Response: The NMSA directs NOAA to allow public and private uses of the resources to the extent compatible with resource protection. NOAA evaluates impacts of any intake pipelines through the NEPA (and CEQA analysis as appropriate). An SUP could only be issued if the activity is conducted in a manner that does not destroy, cause the loss of, or injure sanctuary resources.
Comment 2: Requiring two permits for a single pipeline appears inconsistent with ONMS's statutory authority under 16 U.S.C. 1441(a).
Response: Under 16 U.S.C. 1441(a), NOAA has the authority to issue special use permits if necessary to “establish conditions of access to and use of any sanctuary resource; or promote public use and understanding of a sanctuary resource.” The issuance of an SUP for desalination activities would establish conditional long-term use of a sanctuary resource (the substrate, seafloor, and/or water column); therefore, NOAA believes that the SUP category is consistent with 16 U.S.C. 1441(a).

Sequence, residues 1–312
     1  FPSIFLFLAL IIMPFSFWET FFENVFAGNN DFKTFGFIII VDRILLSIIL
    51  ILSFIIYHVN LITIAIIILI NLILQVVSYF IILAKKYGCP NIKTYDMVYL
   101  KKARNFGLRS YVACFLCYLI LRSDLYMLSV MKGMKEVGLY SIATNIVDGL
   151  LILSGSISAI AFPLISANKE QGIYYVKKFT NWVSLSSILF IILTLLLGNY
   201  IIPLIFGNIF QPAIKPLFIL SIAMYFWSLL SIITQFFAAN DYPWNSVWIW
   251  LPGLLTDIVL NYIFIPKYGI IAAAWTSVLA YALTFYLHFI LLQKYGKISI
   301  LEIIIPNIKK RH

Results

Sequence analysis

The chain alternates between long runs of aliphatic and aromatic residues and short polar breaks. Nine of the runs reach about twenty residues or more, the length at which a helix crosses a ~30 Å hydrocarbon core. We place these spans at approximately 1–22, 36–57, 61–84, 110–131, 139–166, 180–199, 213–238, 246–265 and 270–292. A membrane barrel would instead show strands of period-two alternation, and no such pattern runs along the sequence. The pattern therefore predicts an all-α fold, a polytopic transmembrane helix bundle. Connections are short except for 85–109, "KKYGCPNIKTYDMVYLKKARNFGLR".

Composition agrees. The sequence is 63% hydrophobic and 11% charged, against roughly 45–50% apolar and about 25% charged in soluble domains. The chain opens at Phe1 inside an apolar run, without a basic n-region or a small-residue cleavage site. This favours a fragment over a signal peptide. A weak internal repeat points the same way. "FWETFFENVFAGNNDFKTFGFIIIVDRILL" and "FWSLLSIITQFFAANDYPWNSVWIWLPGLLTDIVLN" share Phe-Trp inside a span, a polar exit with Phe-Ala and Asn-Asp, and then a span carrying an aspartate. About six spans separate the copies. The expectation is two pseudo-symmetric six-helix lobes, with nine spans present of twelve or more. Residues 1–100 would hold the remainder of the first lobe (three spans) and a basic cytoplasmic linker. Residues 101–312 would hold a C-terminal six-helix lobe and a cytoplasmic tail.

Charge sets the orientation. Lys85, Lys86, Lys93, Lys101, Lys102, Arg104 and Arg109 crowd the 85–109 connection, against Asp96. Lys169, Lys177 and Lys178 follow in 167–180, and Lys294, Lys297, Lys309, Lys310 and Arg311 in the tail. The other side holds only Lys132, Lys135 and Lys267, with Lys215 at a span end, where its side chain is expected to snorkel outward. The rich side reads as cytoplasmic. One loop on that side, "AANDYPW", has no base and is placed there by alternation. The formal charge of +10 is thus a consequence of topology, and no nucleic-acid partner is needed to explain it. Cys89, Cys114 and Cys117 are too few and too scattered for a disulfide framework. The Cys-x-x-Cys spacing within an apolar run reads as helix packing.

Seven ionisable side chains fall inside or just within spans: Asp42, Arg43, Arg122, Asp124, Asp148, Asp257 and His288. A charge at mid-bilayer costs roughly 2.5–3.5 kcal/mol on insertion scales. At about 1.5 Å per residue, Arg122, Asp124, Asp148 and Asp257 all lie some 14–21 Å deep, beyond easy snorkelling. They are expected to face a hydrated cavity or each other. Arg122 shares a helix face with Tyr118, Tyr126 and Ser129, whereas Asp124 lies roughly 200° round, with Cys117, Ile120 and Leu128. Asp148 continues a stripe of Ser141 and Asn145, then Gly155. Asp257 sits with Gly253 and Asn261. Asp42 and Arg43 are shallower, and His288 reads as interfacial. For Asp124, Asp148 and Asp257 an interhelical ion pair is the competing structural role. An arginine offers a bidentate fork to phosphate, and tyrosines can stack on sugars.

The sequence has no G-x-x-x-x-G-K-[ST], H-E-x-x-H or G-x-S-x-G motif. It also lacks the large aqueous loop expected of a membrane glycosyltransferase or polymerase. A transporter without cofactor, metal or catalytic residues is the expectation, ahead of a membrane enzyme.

The general sanctuary and MBNMS regulations also provide for the authorization of other State and Federal permits as a separate type of permit necessary to allow an activity otherwise prohibited by regulation. The activities that may be subject to such authorization (for example, a NPDES permit for discharges) are different from the activity within the scope of this SUP category. Together, the issuance of SUPs and authorizations ensure sanctuary resource protection while allowing compatible uses, in alignment with the policies and purposes of the NMSA.
Comment 3: The proposed new SUP categories are duplicative of approvals ONMS can grant using existing authority and would impose unnecessary regulatory burden and substantial unjustified costs.